While we are debating if rising oil prices leads to less freedom or vice versa, the point of truth is that, oil prices are rising. The price of crude is going up and the price at the pump is moving faster. Various businesses have decided to pass on the the rising costs directly to the consumer. Since consumers are already struggling to make ends meet, they probably may not notice this slight increase in price for almost everything. The situation is so bad that President Bush raised the CAFE standards, which sets the fuel economy for vehicles.
Meanwhile American car makers are seeing their cars sitting on the lot, while Toyota cannot make enough Prius for American consumption. Is there a way to get rid of the oil dependency and at the same time boost the slowing sales of American cars? Tom Daschle and VInod Khosla seem to have a solution. Their proposal is to give automakers incentives for making vehicles which can run on gasoline or E85 fuel, a blend of ethanol and gasoline.
First, it could set America free from its dependence on foreign oil. As Brazil’s “energy independence miracle” proves, an aggressive strategy of investing in petroleum substitutes like ethanol can end dependence on imported oil.
Second, switching from gasoline to ethanol produced from perennial energy crops like switch grass can slash our carbon dioxide emissions.
Third, it could build on a comparative advantage of American automakers. American auto manufacturers are churning out hundreds of thousands of flex-fuel vehicles. Their foreign competitors make far fewer. Promoting these vehicles will help our automakers build on their already strong market share.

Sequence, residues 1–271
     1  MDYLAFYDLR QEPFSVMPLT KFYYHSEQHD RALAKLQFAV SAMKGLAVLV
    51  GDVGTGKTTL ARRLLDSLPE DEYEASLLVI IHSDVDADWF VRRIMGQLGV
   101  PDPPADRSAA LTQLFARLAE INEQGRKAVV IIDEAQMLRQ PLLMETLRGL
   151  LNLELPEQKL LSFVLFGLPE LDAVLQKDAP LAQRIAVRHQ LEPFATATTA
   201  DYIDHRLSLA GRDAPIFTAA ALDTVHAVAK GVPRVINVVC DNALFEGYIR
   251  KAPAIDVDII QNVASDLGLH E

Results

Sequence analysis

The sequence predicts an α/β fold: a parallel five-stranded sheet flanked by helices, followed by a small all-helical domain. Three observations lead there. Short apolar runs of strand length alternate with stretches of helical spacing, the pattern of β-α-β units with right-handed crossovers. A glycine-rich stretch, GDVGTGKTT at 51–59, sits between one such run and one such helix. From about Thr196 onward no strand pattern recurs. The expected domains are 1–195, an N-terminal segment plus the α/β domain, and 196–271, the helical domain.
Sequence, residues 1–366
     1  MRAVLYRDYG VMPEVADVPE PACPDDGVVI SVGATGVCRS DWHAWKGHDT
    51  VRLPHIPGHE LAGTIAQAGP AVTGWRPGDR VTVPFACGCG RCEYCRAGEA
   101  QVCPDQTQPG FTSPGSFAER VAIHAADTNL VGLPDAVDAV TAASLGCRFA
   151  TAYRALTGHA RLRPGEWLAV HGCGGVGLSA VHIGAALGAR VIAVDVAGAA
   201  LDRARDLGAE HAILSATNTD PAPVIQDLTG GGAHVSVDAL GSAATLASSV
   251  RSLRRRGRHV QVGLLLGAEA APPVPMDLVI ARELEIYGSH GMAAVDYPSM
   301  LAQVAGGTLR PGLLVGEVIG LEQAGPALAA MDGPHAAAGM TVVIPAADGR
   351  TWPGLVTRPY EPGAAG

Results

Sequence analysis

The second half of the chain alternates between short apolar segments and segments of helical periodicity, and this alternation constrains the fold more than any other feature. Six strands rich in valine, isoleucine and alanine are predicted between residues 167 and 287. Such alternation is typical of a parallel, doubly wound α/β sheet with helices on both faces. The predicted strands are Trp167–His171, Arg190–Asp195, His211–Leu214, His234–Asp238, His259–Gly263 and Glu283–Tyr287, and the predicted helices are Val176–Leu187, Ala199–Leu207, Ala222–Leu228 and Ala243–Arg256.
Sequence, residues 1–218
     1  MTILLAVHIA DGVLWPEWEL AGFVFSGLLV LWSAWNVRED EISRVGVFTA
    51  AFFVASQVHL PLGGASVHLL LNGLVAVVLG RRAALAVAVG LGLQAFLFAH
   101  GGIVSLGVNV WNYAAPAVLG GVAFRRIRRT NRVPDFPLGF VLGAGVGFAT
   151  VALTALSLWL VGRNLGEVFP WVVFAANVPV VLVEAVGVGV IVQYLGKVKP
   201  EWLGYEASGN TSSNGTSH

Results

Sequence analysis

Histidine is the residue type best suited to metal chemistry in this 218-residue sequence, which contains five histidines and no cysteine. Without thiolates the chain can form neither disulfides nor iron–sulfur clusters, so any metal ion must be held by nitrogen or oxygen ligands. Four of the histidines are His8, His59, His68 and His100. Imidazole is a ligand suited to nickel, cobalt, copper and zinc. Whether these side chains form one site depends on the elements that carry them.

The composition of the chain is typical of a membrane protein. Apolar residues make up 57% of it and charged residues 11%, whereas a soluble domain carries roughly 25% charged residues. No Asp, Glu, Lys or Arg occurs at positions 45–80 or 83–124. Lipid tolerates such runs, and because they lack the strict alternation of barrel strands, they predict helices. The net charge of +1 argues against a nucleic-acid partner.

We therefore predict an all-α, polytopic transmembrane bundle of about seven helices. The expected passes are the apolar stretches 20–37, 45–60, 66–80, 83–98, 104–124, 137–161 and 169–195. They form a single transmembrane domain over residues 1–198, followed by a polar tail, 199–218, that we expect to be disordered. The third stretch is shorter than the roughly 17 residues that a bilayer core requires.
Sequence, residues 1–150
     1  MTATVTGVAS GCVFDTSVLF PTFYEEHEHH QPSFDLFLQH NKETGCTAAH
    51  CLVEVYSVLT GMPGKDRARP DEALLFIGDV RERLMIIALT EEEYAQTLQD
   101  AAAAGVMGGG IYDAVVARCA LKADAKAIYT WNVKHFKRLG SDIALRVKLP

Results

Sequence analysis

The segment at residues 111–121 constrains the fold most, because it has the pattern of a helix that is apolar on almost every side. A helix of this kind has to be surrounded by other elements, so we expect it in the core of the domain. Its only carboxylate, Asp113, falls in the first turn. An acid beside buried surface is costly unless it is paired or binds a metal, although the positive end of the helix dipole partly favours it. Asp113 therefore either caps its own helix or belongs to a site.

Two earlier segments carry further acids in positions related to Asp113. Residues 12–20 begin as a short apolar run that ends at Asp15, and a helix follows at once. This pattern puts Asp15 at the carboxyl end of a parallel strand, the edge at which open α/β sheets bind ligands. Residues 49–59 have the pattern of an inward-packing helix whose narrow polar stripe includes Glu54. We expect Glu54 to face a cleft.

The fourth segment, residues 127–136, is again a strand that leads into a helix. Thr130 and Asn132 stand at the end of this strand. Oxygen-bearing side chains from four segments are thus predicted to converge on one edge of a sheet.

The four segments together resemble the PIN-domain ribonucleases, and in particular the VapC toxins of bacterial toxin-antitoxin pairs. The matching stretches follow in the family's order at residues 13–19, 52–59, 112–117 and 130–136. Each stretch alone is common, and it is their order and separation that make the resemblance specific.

And fourth, by encouraging the production of ethanol and new renewable fuel technologies, this new CAFE standard could invigorate rural communities in America’s heartland and innovation and research centers along its coasts. [Miles Per Cob]
When the Wall Street Journal agrees with New York Times, then you know either an asteroid is going to hit the earth or something serious is going on. Currently US imports ethanol and there are tariffs and duties on it making it not so competitive. A bill has been introduced to suspend taxes on imported ethanol till 2007
Ethanol based cars are not without issues for this fuel results in lower fuel economy. This would result in the driver paying more and currently it is not cost effective compared to regular gasoline based vehicles. According to Business Week “it would cost around $3,368 per year to run a Dodge Ram 1500 pickup on regular gas and $3,615 on E85.” Even if you want to buy a flex fuel car, there are not many choices right now. If you own one, then you don’t have many fueling stations.
A lot has to happen before E85 becomes a viable alternative to oil. Atleast people are thinking about it.